We have to cross over to the same place where all those clever speakers and so many serious philosophers have gone—Heraclitus, Pythagoras, Socrates—and where those great heroes of old, the brave generals and tyrants have gone too. Among them are Eudoxos, Hipparchus, Archimedes, and other sharp natures, big minds, tireless men, bold men, and those who mock the temporary and disposable nature of life itself, like Menippus and the rest.
Think about all these people, that they have been dead for a long time. Why is this terrible for them? Why worry about those who are no longer named? This one thing is worth much: to keep on living with truth and justice and in good will even among liars and unjust men.”
“Around the same period of time in that summer, the Athenians set siege to the Scionaeans and after killing all the adult men, made the women and childen into slaves and gave the land to the Plataeans.”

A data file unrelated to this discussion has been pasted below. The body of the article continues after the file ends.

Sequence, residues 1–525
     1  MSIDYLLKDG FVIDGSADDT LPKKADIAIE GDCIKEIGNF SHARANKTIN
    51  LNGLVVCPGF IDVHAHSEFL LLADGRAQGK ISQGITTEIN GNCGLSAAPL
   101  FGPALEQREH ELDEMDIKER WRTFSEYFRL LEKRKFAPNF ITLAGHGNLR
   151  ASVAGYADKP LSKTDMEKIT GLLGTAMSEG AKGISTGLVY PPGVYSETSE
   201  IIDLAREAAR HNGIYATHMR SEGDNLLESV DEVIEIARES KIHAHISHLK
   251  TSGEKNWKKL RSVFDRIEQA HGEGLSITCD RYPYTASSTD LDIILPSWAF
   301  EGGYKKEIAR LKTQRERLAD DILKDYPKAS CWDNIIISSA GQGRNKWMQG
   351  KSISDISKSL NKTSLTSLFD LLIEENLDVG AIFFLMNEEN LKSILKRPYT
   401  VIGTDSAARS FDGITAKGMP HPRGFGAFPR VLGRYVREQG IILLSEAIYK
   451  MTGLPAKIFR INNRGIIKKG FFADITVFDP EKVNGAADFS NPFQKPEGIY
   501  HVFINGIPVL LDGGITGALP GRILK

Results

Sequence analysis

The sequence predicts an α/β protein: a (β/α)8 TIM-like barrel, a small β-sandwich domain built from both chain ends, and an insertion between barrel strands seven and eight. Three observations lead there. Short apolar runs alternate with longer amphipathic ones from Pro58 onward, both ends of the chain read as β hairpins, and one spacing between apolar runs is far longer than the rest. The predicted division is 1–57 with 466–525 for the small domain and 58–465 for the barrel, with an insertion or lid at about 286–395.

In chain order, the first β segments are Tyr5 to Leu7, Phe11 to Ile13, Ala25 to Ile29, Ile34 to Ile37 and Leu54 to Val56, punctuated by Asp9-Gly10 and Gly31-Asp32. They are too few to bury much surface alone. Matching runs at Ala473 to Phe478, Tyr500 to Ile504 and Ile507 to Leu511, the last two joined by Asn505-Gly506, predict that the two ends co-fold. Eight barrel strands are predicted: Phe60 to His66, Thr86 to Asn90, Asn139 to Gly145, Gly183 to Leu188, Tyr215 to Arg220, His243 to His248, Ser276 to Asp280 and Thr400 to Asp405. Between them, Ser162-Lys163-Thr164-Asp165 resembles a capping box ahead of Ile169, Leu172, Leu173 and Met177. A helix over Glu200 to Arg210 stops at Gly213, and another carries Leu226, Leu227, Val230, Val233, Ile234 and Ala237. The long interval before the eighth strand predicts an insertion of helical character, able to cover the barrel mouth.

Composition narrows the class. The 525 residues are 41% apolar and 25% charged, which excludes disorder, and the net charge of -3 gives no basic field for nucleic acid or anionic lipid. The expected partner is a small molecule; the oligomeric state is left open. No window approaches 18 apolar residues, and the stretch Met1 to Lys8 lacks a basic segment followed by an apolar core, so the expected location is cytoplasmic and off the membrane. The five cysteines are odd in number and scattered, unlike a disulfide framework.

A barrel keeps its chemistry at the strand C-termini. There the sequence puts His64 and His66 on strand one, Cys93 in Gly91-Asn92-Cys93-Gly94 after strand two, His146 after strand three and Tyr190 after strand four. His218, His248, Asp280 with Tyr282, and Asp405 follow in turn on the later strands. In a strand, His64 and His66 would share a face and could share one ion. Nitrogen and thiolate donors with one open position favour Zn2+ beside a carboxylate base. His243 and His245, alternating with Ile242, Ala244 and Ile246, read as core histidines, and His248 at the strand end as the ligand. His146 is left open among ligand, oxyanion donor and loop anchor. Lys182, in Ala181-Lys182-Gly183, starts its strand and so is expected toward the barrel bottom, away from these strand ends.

This was done by vote of the Athenian democracy led by Cleon: Thucydides 4.122.6. A similar solution was proposed during the Mytilenean debate. Cleon is described by Thucydides as “in addition the most violent of the citizens who also was the most persuasive at that time by far to the people.” (ὢν καὶ ἐς τὰ ἄλλα βιαιότατος τῶν πολιτῶν τῷ τε δήμῳ παρὰ πολὺ ἐν τῷ τότε πιθανώτατος, 3.36.6)
“They were making a judgment about the men there and in their anger it seemed right to them not only to kill those who were present but to slay all the Mytileneans who were adults and to enslave the children and women.”
In his speech in defense of this policy, Cleon reflects on the nature of imperialism and obedience. Although he eventually failed to gain approval for this vote which was overturned, his arguments seem to have worked on later occasions.
“The truth is that because you live without fear day-to-day and there is no conspiring against one another, you think imagine your ‘allies’ to live the same way. Because you are deluded by whatever is presented in speeches you are mistaken in these matters or because you yield to pity, you do not not realize you are being dangerously weak for yourselves and for some favor to your allies.